Cyber Monday has become an epic time of the year not only for consumers but for the online retailers that help them celebrate. Whether you’re eagerly waiting for the latest game console or TV deal, be sure to think about improving your home and office cybersecurity in advance of your online shopping binge. Here are 4 Cyber Monday security tips to cover you.
Con Cast Pipe: The Case Study
Does your industry deal with IT regulatory compliance requirements? Or, better yet, do your customers require you to check off a line item during vendor selection? In an increasing number of industries today, companies are required to not only know the details of their disaster recovery systems, but also prove that their vendors are equipped to handle and recover from potential incidents.
Can you hack a printer? Yes, you can. Any printer has input and output communication ports, and operates using software applications, network drivers, and communication protocols. So all of them are, in theory, hackable.
Ransomware is emerging as one of the most widespread cybersecurity threats targeting an increasing number of corporate customers. Malware that locks a device or encrypts data can be found all over the world. At the same time, a growing number of ransomware is being designed for specific markets or is targeting specific types of users, and a new trend is to target countries or industries that are more likely to pay for unlocking.
Ransomware and similar malware is becoming more sophisticated. Avoiding infection with cryptolockers is possible if you follow a few simple rules to protect yourself with good habits, so here are some early ransomware identification tips to help you out.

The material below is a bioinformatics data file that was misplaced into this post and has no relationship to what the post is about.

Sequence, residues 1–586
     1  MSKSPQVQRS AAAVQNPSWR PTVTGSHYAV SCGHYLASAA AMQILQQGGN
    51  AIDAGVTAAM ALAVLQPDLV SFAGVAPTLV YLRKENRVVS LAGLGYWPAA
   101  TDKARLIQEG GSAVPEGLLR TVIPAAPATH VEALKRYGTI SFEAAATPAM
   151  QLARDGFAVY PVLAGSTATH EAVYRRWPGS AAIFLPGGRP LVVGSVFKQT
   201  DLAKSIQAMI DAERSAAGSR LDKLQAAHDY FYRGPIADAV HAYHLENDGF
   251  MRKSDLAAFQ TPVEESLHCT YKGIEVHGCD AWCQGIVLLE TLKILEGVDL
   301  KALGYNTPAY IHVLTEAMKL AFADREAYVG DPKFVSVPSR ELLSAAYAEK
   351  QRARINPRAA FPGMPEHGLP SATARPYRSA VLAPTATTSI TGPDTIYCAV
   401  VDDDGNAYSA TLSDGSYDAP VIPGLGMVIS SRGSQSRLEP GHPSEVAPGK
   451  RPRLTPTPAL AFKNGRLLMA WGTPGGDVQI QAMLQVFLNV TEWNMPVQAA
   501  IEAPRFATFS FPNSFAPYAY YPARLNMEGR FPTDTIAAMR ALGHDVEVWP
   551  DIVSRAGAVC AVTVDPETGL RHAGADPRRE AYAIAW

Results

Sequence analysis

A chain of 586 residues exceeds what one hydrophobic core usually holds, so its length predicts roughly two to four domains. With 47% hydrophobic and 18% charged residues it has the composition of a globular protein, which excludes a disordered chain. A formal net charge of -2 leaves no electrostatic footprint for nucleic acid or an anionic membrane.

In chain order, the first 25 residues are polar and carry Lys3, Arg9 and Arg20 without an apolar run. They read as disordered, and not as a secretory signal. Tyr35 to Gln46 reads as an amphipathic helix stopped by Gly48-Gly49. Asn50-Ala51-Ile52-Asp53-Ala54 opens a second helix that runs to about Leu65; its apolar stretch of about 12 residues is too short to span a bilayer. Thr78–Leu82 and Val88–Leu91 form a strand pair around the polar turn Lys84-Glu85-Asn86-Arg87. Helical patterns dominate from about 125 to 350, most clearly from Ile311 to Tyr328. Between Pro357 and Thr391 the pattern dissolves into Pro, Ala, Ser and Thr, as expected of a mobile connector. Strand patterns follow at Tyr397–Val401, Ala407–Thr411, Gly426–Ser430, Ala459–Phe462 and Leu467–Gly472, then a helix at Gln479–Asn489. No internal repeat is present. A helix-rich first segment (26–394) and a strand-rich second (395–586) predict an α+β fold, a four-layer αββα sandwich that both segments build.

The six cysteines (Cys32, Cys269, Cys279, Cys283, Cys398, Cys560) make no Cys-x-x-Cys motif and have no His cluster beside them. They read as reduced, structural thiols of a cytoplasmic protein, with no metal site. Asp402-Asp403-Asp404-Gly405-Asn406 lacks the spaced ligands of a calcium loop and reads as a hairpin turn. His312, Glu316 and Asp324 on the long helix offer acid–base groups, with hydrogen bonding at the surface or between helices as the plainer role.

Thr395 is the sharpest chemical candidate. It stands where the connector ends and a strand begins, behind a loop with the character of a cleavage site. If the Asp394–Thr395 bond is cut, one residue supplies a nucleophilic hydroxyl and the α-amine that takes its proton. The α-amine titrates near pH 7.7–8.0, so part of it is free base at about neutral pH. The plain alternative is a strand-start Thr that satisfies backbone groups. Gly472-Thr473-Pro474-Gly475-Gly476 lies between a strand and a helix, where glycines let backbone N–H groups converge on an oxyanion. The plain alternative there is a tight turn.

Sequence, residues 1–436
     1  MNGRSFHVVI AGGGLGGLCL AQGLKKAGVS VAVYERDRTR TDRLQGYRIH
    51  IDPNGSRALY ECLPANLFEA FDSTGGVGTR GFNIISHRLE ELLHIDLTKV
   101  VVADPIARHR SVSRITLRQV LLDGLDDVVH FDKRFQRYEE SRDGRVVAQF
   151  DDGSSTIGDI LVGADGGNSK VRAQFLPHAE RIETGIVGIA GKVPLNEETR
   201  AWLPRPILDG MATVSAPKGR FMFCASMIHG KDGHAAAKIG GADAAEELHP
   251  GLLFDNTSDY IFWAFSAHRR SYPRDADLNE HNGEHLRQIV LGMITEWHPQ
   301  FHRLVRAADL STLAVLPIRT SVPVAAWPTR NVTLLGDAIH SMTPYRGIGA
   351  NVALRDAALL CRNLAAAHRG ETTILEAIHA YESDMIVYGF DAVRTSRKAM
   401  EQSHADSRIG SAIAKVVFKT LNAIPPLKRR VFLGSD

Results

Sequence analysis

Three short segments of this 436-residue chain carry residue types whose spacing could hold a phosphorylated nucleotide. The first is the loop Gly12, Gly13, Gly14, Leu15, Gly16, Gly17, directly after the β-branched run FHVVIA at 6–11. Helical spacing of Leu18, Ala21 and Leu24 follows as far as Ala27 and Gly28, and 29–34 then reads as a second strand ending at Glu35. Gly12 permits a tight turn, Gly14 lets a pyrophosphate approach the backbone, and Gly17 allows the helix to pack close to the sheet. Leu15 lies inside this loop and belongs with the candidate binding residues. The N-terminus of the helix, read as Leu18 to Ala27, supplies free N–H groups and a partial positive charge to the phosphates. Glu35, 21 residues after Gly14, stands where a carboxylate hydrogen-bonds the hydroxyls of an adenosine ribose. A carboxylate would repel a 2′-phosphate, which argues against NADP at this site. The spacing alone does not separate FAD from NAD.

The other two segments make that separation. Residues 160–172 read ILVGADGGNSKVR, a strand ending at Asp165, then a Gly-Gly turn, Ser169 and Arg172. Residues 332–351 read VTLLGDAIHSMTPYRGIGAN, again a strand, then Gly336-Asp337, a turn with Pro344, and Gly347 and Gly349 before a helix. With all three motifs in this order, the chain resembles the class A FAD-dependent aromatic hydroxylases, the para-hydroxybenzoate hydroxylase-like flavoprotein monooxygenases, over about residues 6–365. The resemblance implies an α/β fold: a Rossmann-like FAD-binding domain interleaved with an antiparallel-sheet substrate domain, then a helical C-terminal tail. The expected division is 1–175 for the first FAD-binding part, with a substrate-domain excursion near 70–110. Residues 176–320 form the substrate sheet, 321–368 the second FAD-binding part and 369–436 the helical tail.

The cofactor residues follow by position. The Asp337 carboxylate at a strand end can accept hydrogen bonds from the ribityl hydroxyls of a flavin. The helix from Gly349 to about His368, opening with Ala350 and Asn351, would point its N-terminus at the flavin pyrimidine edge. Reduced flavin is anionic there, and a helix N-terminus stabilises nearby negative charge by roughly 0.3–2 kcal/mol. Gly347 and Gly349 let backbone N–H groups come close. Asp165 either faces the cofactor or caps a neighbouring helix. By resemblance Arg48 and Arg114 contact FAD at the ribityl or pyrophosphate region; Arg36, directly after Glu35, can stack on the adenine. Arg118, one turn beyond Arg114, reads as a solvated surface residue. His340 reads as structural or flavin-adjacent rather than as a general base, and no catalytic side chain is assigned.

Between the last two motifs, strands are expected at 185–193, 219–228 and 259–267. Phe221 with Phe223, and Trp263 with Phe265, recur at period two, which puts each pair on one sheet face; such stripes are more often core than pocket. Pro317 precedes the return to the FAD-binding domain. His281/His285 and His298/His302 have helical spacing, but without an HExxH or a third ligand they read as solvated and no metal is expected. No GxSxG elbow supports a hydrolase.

Avoid Opening Unknown Attachments
Lockware and cryptoware usually employ simple methods to infect a device or an online account. Most malware is distributed via an email with attachment that either reaches a great number of email addresses or targets a specific market, person, or organization.
That said, any user should consult his/her address book upon receipt of any new email message to verify the sender of the email. In actuality, the sender’s account might also be compromised, so double check with the sender whether such an email was really sent. You should pay particular attention to emails coming from a financial institution, be it your bank or a bank that any of your contacts is working with. Carefully check the full email address to identify any suspicious information. This sender info is located in the header of the message.
Macros and Document Viewers
If you routinely deal with large number of text documents and spreadsheets that are coming from third parties, make sure that macros and ActiveX are disabled in your office suite. This is a common method to infect a computer. Also, avoid opening attachments sent through social network accounts because they are easily compromised and mimicked. Document viewers are useful tools to preview a document without launching any embedded macros. There are viewers for all widespread office software suites that allow checking whether a document contains what is supposed to contain and verifying its legitimacy. In theory, a decent antivirus solution should easily find macro viruses but these precautions add an extra comfort level.
Although many services and merchants like to incorporate direct links in their emails, it is much safer to check the sent link outside of your email agent. Most antivirus vendors also recommend avoiding clicking on links in emails.
Verify Information Requests
One aspect of ransomware’s sophistication is the increasing use of social engineering traps, trying to force the recipient to open an attachment or send information to a remote server. So take your time and verify whether you have asked for the submitted attachment and whether the information request is legitimate. Simply put, avoid sending sensitive information such as usernames, passwords, and access codes in response to emails. The same applies to credit card numbers (but this is a whole other story!).
Check File Extensions
Develop a routine to check the file extensions of attachments sent by email. For instance, extensions like .exe, .vbs, or .scr are suspicious if you expect to get a document as an attachment. These are executable files and they have nothing to do with a document or image. Another malware trick is to send an attachment where the file has two extensions e.g. document.xlsx.scr, which is not a legitimate format.
Do not trust browser popups telling you that your computer has been infected with a virus or is at risk. No legitimate antivirus works this way and this is a common method to trick users into clicking on a malicious link.